You won't find the pasta classic, Spaghetti Bolognese, in Italy. There, it’s called “ragù alla bolognese”. The sauce is left to simmer for hours - and is then eaten with tagliatelle. A real delight that will make you forget your “spaghetti bolo”.
- 500 g fresh tagliatelle
- 300 g minced beef (roughly minced)
- 150 g pancetta (cured pork belly)
- 1-2 carrots
- 50 g celery sticks
- 1 small onion
- 1 pack ORO di Parma passata (400 g)
- 1-2 tbsp. ORO di Parma tomato paste, double concentration
- 100 ml dry white wine
- 100 ml full-cream milk
- A small quantity of vegetable bouillon
- “Extra vergine” olive oil for frying
- Salt and pepper from the mill
- A dash of cream (only if you are not using fresh pasta)
Pancetta is a traditional Italian specialty. The air-dried, cured pork belly has a particularly tender, mild taste. An increasing number of well-stocked supermarkets are now selling pancetta as part of their range. When buying pancetta, make sure that the slices are cut thinly - about the same as for breakfast bacon, which you can also use as an alternative by the way..
The ragù alla bolognese and the original recipe for the dish is the subject of legend. Find out more about the “bolognese myth” in this kitchen secret.
Take a casserole dish or a large, high-walled pan and bring the olive oil to a medium heat. Sauté the pancetta, onions, carrots, celery and tomato paste. Now add the mince and fry at a high temperature until it sizzles nicely. Then pour over the white wine. When the liquid has evaporated, add the chopped tomatoes and bouillon. Now turn the hob down to low and leave the ragout to simmer for at least 2 hours. Don’t forget to stir occasionally.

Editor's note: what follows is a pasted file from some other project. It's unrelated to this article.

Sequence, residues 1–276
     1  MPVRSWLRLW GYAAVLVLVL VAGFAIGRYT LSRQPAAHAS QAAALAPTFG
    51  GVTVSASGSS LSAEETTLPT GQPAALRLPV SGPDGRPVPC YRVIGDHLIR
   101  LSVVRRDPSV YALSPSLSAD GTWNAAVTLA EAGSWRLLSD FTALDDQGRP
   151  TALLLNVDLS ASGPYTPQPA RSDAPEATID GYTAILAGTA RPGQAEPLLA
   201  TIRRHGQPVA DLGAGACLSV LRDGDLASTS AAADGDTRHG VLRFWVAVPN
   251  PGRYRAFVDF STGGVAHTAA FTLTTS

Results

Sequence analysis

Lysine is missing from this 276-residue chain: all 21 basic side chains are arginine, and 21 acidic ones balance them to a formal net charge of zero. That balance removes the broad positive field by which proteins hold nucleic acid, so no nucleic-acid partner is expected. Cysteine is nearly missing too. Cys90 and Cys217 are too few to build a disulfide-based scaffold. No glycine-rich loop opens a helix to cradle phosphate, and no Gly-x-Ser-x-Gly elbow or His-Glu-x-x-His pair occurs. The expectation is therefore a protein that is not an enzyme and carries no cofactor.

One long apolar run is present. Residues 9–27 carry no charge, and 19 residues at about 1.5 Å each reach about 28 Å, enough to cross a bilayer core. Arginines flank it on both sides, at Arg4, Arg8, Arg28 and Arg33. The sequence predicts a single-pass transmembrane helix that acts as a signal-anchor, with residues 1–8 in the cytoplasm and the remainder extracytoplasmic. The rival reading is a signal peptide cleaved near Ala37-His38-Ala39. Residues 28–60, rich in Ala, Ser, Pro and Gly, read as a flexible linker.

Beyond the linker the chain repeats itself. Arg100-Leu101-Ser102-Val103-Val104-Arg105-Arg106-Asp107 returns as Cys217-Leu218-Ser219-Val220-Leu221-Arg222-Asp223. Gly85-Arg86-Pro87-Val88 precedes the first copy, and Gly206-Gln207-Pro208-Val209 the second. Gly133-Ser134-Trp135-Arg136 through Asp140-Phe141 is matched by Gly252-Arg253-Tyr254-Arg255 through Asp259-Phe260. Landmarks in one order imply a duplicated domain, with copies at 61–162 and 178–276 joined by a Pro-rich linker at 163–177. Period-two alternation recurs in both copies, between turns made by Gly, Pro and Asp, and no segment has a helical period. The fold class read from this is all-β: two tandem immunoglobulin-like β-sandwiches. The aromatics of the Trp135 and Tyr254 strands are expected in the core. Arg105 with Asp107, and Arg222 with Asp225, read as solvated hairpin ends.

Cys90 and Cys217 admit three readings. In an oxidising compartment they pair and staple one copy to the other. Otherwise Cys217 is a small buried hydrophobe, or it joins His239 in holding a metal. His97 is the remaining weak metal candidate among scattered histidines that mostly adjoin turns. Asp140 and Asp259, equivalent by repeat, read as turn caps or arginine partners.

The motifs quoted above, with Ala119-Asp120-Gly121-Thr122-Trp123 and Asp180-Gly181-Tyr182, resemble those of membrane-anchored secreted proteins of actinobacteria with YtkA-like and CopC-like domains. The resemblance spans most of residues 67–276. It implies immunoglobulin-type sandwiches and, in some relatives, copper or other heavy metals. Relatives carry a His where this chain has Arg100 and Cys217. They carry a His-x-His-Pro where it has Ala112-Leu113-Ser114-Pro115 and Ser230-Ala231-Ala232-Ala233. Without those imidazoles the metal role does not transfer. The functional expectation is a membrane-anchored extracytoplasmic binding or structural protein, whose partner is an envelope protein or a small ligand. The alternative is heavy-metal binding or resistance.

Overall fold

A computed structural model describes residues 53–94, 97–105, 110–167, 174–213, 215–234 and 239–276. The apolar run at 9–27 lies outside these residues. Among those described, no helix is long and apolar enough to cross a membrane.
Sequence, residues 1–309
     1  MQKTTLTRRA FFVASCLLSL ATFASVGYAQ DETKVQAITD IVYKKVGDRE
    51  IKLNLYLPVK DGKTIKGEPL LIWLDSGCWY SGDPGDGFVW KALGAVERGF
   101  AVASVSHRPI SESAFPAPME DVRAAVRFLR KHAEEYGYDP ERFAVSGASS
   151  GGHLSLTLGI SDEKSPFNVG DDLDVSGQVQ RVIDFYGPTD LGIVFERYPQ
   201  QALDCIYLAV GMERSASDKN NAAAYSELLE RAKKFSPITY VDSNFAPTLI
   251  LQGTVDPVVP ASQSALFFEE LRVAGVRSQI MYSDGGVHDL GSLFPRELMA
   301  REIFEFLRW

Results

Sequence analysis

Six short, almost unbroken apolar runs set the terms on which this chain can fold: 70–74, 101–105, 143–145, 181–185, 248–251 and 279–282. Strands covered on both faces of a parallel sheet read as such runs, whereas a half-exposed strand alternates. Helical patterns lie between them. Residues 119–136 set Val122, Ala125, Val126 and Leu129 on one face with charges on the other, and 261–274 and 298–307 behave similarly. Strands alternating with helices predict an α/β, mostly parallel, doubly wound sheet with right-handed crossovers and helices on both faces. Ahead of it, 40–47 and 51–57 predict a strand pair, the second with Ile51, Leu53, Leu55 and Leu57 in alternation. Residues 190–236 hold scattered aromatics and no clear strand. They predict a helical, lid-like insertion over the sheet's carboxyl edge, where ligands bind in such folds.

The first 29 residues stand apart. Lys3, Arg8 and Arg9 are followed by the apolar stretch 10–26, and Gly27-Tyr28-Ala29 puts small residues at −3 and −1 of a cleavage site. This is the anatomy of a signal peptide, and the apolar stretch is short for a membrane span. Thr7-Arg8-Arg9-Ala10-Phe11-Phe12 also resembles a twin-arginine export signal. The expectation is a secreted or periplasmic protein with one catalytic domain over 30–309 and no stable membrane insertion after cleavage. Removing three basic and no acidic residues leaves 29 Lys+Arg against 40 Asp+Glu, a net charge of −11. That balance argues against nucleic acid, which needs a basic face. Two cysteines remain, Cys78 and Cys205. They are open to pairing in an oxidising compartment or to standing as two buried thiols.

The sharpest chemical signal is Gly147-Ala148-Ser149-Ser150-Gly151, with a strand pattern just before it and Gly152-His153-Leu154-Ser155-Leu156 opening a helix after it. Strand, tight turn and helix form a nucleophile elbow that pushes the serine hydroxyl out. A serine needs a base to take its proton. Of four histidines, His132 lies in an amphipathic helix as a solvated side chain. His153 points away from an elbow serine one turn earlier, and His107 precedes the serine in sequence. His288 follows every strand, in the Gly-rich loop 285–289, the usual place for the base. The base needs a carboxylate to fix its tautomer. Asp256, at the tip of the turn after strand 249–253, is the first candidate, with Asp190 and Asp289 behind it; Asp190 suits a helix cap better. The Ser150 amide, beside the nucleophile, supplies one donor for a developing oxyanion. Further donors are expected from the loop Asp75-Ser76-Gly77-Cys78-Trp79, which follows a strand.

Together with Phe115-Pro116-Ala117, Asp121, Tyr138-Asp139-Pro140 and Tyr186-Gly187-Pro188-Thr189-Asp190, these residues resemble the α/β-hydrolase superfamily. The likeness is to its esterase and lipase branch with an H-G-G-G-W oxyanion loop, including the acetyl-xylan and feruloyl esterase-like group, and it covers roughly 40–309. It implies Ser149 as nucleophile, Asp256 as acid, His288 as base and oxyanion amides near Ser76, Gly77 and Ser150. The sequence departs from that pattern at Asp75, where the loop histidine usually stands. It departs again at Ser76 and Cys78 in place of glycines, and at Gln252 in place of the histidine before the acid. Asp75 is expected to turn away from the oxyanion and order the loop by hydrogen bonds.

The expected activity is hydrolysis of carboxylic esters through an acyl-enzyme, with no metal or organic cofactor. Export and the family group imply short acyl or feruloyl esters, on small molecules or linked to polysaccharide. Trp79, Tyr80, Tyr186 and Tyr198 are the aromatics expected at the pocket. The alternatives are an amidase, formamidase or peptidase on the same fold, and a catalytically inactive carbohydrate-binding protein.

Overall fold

As with fusilli pasta, there is a legendary story around the origins of tagliatelle. The hair of the Renaissance princess Lucrezia Borgia is said to have been the inspiration for the court chef for his pasta creation when she married Alfonsi I. d’Este. We don’t know where the inspiration for tagliatelle came from. But we do know that you now need to bring about 4 litres of salted water (1 tsp. salt per litre) to the boil and cook the pasta. You’ll need about 3 minutes for fresh pasta, and the time given on the package for dried durum wheat pasta.
While the pasta is cooking, add milk to the ragout. This takes the acidic taste away from the tomatoes. Then season with salt and pepper. If you are using dried pasta - but really only then - you can also add a dash of fresh cream. Drain the pasta thoroughly, arrange on plates and mix with the ragù alla bolognese.
Italian cuisine is full of well-preserved traditions. That’s what makes it so consistent in terms of its quality, and simply immortal. We will show you how to create these refined dishes for yourself. We won’t just offer recipes, but also secret kitchen tips that you can use every day, and which lead to better results even without the recipes.